Doing Nothing in Budhanilkantha

The hike in the Shivapuri hills near Kathmandu leaves some of our unfit selves hungry and thirsty, so we decide to take a shortcut to Budhanilkantha, where we will wait for the others. They will make a detour to buy fresh fish for their meal, and we have plenty of time on our hands to wander around the temple complex.

The Budhanilkantha temple is dedicated to Lord Vishnu, whose magnificent stone image reclines in a pond. We tiptoe to look at it over milling schoolchildren and worshippers, who are out in full force this sunny morning. For some reason — laziness, probably — I don’t have any pictures of the temple, save the one above of a tree in the compound. We are content just to bask in the sunshine and get back our breath. The chill of the evenings is a distant memory, and in the spirit of mindfulness, we don’t have to think about the arduous climb back to the resort, where another steep flight of steps is to be encountered before we can get to the dining area.

At Budhanilkantha, we worship at the tiny shrine, make multiple trips to the pond as the crowd clears, and find ourselves seats that afford us a view of the compound. Isn’t it wonderful how time resists quantifying and measurement when you are on a peaceful break, especially in the hills? Sunrise brings the prospect of beauty and (hopefully mild) exercise, while sunset signals games around a bonfire, followed by hours of stories and pleasant conversation. If you are lucky, an old timer will supply you with ghost stories.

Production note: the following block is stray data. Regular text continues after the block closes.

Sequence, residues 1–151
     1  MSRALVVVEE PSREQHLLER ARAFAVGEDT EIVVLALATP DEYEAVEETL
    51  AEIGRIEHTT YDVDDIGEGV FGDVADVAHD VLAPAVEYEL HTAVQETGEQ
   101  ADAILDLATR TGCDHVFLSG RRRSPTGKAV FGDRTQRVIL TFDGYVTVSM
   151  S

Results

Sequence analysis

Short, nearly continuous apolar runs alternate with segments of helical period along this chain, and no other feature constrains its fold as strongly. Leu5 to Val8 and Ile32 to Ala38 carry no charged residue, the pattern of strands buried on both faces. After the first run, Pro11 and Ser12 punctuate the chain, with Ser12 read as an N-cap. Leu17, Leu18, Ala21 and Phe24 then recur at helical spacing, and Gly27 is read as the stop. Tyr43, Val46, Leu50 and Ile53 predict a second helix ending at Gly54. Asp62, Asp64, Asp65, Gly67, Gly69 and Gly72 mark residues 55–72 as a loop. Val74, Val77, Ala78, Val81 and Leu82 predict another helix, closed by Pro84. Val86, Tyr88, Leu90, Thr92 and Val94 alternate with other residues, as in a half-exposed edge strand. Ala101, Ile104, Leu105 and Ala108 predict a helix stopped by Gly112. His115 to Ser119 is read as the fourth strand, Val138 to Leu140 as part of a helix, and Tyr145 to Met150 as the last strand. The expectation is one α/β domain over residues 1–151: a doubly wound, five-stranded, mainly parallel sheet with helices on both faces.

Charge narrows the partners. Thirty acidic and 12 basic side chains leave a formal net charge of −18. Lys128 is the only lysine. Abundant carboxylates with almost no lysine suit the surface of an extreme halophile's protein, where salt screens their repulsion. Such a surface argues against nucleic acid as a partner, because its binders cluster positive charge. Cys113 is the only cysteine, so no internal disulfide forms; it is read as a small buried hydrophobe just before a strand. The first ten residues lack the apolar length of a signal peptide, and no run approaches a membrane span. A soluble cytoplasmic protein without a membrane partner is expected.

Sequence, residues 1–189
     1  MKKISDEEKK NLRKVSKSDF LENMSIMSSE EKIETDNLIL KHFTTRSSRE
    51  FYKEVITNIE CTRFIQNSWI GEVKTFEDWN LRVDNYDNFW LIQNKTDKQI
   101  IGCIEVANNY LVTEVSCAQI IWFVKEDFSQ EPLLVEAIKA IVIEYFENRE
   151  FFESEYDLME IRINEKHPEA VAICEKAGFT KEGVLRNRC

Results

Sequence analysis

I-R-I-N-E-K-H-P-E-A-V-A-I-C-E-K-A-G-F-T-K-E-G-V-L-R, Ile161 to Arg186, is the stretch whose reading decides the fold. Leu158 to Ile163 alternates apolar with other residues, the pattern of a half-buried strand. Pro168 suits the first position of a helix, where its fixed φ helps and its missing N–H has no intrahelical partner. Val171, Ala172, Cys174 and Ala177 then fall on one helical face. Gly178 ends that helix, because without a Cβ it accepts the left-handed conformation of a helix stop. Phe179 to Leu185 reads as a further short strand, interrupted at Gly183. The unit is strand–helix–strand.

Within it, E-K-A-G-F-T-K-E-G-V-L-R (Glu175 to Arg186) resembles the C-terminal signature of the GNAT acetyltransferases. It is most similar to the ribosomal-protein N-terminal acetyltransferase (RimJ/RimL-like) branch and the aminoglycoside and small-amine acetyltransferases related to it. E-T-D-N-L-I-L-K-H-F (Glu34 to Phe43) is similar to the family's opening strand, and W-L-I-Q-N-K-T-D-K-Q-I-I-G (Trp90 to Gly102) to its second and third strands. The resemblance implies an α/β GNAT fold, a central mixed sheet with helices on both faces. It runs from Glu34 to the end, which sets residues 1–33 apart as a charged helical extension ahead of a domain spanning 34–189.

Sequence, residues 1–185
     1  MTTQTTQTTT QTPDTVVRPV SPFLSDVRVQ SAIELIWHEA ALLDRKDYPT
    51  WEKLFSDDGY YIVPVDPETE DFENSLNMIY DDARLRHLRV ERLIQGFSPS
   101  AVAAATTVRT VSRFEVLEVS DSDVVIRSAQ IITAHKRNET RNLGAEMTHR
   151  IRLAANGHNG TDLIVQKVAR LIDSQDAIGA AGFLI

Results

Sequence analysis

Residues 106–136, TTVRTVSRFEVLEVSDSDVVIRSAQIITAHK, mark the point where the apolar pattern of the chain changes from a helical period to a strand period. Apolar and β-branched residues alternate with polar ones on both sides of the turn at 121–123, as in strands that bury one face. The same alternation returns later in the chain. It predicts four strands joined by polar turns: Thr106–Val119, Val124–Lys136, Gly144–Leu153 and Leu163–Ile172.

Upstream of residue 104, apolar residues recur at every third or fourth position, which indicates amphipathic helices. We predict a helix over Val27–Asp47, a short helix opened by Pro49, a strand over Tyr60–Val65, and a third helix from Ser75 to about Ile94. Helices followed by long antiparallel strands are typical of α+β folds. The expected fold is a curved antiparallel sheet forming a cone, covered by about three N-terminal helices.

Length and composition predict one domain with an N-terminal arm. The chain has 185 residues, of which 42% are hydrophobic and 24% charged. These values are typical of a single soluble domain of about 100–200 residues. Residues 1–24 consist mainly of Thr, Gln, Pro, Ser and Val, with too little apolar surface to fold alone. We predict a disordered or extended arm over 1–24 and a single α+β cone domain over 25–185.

We are close to the end of our work retreat in Kathmandu. We have enjoyed our time here, despite the cold showers and the bitter nights. (My regular winter features lows in the mid-twenties Centigrade.) We have been touristy in Thamel and Durbar Square, eaten Newari Food, and evaded monkeys at Swayambhunath. One of us has lost a phone, which is recovered a few months later. We have crammed ourselves into jeeps which take us to the foot of the hill on which our resort stands. As the biting air gnaws at our fingers and ears, and the slope draws protests from our calf muscles, we have strained up to welcoming lights of the main cottage, collapsing in relief by the flickering bonfire.

Naturally, we deserve this rest at Budhanilkantha before our early flight to Kathmandu (which we are not allowed to take —but that is another story). How wonderful it is to sit and do nothing; to not scroll aimlessly on my phone or to actively wait with an eye on the time, but to simply linger, eavesdrop, be curious, then lapse into delicious languor. In the evening, we will have a lavish send-off dinner, play Jenga and Mafia, finish packing, then turn in early so that we can wake up at the ungodly hour of 4 am.

I can’t wait to pack my bags again. Or I could just learn to enjoy a bit of languor here. But you know which is more fun.



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